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Two chances to choose presidential nominees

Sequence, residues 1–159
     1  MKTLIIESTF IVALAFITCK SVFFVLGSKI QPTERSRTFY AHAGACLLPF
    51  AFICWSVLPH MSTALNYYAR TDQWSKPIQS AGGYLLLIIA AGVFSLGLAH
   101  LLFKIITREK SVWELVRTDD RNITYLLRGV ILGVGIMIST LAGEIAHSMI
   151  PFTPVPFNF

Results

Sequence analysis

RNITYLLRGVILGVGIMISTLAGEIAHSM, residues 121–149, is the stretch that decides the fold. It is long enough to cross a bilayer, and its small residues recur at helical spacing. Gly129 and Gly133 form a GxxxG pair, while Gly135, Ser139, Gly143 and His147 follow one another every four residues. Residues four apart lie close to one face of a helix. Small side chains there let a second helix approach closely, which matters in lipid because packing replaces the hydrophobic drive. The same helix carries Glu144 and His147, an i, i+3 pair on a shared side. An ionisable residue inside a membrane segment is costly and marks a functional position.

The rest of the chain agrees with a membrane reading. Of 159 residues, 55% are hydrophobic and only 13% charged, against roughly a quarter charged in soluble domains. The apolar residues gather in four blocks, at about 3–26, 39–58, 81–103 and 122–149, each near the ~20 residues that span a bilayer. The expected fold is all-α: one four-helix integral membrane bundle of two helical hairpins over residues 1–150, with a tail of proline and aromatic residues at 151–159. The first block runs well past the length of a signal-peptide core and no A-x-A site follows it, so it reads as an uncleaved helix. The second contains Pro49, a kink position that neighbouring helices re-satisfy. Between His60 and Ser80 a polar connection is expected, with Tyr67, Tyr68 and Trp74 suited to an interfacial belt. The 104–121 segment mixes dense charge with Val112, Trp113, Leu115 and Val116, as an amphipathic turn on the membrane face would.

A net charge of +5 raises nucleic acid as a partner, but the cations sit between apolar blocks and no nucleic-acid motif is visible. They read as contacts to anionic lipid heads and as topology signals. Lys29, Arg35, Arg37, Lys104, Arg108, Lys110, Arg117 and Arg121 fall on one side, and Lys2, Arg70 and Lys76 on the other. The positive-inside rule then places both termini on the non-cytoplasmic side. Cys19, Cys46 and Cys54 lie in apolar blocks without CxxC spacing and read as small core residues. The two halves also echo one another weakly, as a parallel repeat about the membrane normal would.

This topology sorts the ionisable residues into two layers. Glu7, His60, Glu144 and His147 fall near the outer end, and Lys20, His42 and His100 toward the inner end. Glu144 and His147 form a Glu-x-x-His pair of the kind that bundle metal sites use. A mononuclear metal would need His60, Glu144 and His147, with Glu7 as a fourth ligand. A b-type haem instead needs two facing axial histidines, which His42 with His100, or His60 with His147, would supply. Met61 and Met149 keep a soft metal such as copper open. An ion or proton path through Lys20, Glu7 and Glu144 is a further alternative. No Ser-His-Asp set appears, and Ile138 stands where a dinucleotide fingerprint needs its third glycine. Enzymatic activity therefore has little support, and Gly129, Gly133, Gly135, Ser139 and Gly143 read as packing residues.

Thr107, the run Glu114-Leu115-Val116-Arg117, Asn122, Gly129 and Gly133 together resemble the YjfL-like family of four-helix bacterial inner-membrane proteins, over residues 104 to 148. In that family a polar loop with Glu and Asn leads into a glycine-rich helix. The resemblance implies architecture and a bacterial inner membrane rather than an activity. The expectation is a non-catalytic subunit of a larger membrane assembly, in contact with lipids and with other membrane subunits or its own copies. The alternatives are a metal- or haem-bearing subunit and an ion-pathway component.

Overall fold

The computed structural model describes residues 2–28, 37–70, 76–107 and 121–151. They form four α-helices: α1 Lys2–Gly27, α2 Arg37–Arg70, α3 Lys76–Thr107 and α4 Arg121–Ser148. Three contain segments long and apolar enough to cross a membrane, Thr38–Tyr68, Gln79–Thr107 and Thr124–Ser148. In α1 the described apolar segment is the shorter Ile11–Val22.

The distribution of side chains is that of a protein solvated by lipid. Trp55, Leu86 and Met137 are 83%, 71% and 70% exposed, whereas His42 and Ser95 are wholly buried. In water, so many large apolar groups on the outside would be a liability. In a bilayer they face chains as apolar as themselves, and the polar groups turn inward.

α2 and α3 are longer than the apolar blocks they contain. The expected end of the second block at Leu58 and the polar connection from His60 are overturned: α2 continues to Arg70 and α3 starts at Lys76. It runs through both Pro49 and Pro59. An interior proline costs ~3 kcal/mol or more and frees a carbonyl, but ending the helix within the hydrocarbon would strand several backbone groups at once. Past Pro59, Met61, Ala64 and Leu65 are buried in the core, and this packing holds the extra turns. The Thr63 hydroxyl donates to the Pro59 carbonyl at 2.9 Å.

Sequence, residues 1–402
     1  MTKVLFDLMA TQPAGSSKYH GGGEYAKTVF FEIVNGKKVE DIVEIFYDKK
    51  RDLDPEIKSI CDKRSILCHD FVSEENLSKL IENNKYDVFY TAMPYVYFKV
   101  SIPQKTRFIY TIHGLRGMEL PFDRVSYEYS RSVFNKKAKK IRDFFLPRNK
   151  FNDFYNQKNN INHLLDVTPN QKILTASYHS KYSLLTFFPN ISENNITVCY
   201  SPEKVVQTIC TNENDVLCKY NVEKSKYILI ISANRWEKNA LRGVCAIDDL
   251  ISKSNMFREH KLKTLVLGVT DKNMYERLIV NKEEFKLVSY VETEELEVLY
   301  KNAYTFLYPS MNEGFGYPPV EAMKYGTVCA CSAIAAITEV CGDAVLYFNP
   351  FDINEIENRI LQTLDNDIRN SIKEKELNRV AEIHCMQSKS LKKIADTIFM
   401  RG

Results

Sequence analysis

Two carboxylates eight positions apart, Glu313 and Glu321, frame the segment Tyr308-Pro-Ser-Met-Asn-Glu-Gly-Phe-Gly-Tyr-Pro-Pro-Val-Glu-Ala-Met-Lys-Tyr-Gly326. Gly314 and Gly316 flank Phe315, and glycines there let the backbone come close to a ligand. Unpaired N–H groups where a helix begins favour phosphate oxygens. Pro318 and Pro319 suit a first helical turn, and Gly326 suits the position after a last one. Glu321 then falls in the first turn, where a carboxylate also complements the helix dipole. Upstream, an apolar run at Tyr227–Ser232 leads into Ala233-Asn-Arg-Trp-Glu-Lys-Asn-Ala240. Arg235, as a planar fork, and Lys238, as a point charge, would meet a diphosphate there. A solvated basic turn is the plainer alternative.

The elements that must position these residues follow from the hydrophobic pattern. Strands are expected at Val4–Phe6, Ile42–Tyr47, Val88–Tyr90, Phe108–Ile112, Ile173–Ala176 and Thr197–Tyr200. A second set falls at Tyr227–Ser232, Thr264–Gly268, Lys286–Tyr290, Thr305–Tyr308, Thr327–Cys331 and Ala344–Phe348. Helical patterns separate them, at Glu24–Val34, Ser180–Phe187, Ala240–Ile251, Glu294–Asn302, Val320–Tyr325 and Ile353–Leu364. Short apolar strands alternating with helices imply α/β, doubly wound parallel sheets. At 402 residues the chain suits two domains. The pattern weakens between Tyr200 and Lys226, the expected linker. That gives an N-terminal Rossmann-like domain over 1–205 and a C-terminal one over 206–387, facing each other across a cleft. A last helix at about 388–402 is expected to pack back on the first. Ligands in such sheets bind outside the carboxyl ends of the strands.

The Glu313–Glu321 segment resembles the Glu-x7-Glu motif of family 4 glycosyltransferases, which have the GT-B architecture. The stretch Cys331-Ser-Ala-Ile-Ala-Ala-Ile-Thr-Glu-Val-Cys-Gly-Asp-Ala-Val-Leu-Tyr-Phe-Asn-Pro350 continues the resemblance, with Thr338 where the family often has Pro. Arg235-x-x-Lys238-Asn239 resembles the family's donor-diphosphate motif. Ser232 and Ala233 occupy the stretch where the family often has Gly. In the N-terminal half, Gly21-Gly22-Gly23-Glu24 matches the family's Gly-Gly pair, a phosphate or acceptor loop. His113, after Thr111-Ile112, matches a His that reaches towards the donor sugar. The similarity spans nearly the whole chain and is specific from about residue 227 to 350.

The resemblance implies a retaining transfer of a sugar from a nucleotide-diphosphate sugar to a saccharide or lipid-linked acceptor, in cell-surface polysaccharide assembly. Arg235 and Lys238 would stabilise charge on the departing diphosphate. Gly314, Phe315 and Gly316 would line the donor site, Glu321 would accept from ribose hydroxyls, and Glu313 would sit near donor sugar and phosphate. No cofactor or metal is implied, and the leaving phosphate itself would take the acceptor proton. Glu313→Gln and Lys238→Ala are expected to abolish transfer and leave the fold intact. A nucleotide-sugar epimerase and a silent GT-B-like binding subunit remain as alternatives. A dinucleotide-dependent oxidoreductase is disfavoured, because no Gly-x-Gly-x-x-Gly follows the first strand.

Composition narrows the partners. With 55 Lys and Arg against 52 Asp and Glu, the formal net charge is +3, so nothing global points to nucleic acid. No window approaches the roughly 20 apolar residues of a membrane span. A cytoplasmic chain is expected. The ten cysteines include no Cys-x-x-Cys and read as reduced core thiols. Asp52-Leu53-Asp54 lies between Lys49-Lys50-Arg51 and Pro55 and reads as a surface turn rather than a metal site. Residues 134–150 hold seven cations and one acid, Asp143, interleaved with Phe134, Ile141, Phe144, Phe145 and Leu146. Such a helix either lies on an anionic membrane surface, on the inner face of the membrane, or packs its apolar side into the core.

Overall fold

"Don't think you're off the hook once that presidential primary ballot is in the mail. In a matter of weeks, it will be time to head down to the party caucuses and vote for president all over again.Apparently, anything worth doing once is worth doing twice in Washington.The primary election, which ends with the polls closing on Feb. 29, is a fairly new development in Washington and coexists with the state's longer history of selecting national convention delegates via the caucus process.The primary acts mostly to test the water for presidential hopefuls, a sort of peek into the Washington political temperament prior the caucuses. By the end of last week, the Kitsap County Auditor's office had received back 10,366 of the 70,340 absentee ballots it sent out for the primary. Injected in the Washington political process in the early 1990s, the presidential primaries have not been well received by the existing party structures.For example, the Democrats won't use the primary for delegate selection at all.For the Democrat portion of the primary, it makes it, in essence, a beauty contest. It's an expression of preference from the voters but won't have impact for the convention, said Russ Hartman, the chair of the Democratic Central Committee of Kitsap County.The Republicans will use the primary election results to select one third of its delegates statewide. But Kitsap County Republican Party Vice Chair Margie Crowell said they will not consider the votes of any of the unaffiliated ballots.In order to have your ballot count toward the Republican delegate selection process, you have to swear to being a Republican. All of the people voting for Republicans via the independent ballot should expect to see their vote going the same way as the Democrats: to instruct presidential hopefuls on the current mood of the Washington citizenry, but not toward delegate selection.Democrats ask for the same oath in order to use their ballot, even though the primary ballot doesn't count toward delegates.Democrats will start selecting delegates at their precinct caucuses on March 7. That gets the ball rolling toward the national convention and gives Washingtonians one more chance to cast a ballot before November.Republicans hold their precinct caucuses the same day."